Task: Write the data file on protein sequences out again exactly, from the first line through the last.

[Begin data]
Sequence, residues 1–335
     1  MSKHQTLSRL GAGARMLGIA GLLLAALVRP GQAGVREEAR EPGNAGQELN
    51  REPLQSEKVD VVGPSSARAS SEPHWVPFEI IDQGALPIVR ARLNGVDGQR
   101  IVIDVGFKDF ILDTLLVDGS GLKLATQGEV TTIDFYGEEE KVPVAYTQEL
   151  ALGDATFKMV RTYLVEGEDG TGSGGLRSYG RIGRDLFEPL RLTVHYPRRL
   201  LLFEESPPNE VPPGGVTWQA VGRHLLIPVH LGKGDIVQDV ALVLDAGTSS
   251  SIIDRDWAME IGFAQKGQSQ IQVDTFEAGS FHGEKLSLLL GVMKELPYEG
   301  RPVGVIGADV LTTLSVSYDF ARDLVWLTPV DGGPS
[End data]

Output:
Sequence, residues 1–335
     1  MSKHQTLSRL GAGARMLGIA GLLLAALVRP GQAGVREEAR EPGNAGQELN
    51  REPLQSEKVD VVGPSSARAS SEPHWVPFEI IDQGALPIVR ARLNGVDGQR
   101  IVIDVGFKDF ILDTLLVDGS GLKLATQGEV TTIDFYGEEE KVPVAYTQEL
   151  ALGDATFKMV RTYLVEGEDG TGSGGLRSYG RIGRDLFEPL RLTVHYPRRL
   201  LLFEESPPNE VPPGGVTWQA VGRHLLIPVH LGKGDIVQDV ALVLDAGTSS
   251  SIIDRDWAME IGFAQKGQSQ IQVDTFEAGS FHGEKLSLLL GVMKELPYEG
   301  RPVGVIGADV LTTLSVSYDF ARDLVWLTPV DGGPS